"It’s not like something we ignored. We didn’t realize that," Nunziata said. Now, the plan is to put up dividers to redirect the flow of movement.

Nunziata said staff returning to the office were provided with five cloth face coverings and a 2-ounce bottle of hand sanitizer. And 1,400 surgical masks and other protective equipment, such as N95 masks and gowns and gloves, are available for CPS workers going into homes when needed. She added that anyone coming into the building and not wearing a mask was provided one by public safety.

The building has been cleaned every night through the pandemic and undergoes an "antiviral spray misting" once a week, Nunziata said. Additionally, she said, "We’ve been paying for an extra person every day. They sanitize all high-touch areas, such as doorknobs, printing machines, copiers. We started doing this at the beginning of the COVID crisis."

Nunziata said she is scheduled to meet with Perkowsky and CSEA Local 830 Union president Ron Gurrieri to discuss the issues Perkowsky raised. Gurrieri said Nunziata had "never been an obstructionist." He added, "We have to go in and look at the whole picture … [and see] where the pitfalls lie, and how we correct them before the rest of the people come back."

In Suffolk County, the return appears to have gone better.

Dan Levler, president of the 6,000-member Suffolk County Association of Municipal Employees, said "There’s [been] a lot of cooperation and collaboration between the union and management to get this process to work. A lot of time was spent thinking about what reopening would look like and how best to implement it."

Ryan Blake, who works for Suffolk's Department of Human Resources Personnel and Civil Service in the William J. Lindsay County Complex in Hauppauge, had been working remotely until June 29. He said there was "some anxiety" in coming back to the office, but he was pleased to see people following the protocols.

"Whenever we get up and go anywhere, we have face masks on," he said. "People have been pretty consistent wearing face masks. That’s nice to see."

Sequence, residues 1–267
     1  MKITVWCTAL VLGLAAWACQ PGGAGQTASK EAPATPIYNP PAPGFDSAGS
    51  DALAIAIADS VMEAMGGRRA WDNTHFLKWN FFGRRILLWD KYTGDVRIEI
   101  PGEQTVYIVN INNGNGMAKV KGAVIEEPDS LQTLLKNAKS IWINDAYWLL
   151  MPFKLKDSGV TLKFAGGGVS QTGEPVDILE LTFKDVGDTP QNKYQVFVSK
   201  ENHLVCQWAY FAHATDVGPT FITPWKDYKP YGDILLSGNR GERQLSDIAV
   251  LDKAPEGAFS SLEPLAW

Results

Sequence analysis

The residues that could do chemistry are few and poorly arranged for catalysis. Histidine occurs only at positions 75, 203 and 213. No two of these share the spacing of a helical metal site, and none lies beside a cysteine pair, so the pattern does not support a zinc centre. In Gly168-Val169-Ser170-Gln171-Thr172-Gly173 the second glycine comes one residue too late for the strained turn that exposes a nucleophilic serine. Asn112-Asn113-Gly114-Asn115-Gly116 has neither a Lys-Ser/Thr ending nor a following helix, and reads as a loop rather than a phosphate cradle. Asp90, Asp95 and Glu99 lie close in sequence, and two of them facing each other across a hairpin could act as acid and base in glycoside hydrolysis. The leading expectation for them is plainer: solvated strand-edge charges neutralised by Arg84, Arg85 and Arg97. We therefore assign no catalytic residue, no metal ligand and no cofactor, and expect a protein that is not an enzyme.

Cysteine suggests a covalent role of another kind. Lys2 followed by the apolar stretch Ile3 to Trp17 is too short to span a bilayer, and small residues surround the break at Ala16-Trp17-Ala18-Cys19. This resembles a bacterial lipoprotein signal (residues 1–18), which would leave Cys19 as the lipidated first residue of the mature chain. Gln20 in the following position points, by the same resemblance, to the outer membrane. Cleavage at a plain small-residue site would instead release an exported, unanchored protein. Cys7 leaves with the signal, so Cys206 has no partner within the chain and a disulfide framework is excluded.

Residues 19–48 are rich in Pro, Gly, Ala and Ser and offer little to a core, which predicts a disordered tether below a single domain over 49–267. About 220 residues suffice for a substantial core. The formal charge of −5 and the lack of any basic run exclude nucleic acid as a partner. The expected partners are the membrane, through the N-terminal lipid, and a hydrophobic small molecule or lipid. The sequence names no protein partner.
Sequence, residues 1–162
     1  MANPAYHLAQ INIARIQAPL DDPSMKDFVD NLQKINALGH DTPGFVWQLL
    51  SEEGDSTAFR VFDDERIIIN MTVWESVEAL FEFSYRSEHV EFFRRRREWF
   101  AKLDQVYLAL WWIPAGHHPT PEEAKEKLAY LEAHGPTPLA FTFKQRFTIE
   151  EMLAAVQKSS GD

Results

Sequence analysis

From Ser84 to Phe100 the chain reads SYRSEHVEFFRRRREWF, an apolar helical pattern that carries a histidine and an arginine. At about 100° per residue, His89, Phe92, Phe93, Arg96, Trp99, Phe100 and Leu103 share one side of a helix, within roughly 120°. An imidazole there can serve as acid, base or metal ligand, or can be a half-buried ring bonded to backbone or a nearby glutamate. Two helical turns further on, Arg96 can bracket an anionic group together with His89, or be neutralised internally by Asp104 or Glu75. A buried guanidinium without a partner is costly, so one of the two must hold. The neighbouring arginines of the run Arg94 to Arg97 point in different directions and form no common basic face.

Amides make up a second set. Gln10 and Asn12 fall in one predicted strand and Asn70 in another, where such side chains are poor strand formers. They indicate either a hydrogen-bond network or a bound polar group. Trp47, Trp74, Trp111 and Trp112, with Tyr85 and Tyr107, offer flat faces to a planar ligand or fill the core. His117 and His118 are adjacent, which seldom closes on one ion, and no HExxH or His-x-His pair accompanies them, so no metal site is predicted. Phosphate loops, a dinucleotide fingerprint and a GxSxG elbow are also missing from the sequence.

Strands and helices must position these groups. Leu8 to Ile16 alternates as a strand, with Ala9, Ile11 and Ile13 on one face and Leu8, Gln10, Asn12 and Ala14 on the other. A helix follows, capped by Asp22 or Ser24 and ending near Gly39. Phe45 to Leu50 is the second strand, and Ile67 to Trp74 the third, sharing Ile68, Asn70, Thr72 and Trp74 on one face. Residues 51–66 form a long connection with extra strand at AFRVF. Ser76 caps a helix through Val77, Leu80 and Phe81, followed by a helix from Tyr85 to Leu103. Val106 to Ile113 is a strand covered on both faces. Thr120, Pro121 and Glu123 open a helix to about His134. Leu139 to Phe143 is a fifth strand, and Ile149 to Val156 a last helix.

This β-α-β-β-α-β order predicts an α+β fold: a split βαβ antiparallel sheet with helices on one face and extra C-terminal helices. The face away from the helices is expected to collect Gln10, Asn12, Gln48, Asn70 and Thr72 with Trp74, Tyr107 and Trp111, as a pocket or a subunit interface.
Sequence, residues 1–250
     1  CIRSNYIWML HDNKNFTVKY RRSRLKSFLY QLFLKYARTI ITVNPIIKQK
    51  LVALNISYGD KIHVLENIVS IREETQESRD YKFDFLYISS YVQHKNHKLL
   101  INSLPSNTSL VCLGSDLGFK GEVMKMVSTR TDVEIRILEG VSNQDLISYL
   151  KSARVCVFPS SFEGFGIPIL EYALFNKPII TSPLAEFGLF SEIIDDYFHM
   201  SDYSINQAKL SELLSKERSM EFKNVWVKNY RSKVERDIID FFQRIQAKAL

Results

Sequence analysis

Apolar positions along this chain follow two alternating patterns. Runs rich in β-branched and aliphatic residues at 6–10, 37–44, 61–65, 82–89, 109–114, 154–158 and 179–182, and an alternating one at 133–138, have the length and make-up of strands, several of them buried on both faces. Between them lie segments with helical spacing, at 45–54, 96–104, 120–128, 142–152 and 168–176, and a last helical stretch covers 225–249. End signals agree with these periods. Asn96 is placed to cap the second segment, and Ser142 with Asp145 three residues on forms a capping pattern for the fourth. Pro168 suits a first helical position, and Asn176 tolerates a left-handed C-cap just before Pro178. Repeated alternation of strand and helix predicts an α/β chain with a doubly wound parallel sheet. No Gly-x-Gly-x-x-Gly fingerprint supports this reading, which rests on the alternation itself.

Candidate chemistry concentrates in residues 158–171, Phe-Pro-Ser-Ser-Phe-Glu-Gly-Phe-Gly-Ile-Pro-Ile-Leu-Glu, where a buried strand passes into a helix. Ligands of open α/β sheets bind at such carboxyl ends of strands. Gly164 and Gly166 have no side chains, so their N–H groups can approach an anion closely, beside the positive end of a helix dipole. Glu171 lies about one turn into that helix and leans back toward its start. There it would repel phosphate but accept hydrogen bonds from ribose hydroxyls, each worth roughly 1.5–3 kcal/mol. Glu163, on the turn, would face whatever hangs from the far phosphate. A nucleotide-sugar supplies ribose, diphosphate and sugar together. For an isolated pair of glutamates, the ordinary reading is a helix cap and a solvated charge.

Retha Fernandez, Suffolk County's chief diversity and inclusion officer, said that in the weeks before she returned to the office June 23, "Just the thought of coming back did give me some anxiety."

She works in a building at the Lindsay complex as well. But as she saw New York and Long Island "flatten the curve" with vastly lower rates of new infections, hospitalizations and virus deaths, "I was OK."

"Most of us have our own offices," Fernandez said. "When I’m at my desk in front of my computer, I have my mask off. As soon as anyone comes to my door, I put it on. If I have to walk around anywhere, I have it on.

"From my perspective, the county and our personnel officer did a great job, in terms of allaying concerns in coming back. I think it was important in messaging and providing equipment to feel safe," she said, citing county-provided face masks and hand sanitizer.

Libraries and other businesses also have begun to reopen with new looks.

At the Elmont Memorial Library, plastic glass dividers were installed, and patrons — who were allowed back in the building June 29 — are limited to 50 at a time, as the library has expanded operations beyond providing curbside pickup of books. Appointments must be made to use library computers.

"We’re positioned socially distanced. Everyone’s wearing masks. We're taking precautions," said Susanne Weiss, the library's marketing and public relations specialist. "Plexiglas shields are up at the circulation desk, at reference desks, anywhere they would actually have to speak to somebody."

Bert Lurch, chief executive of the medical billing firm E Central Medical Management in New Hyde Park, is watching other businesses. He said there are probably 10 people in his office at any one time. Before the state lockdown, there would be about 30.

"I want to see if there’s any adverse effects with the reopening" in other places, he said.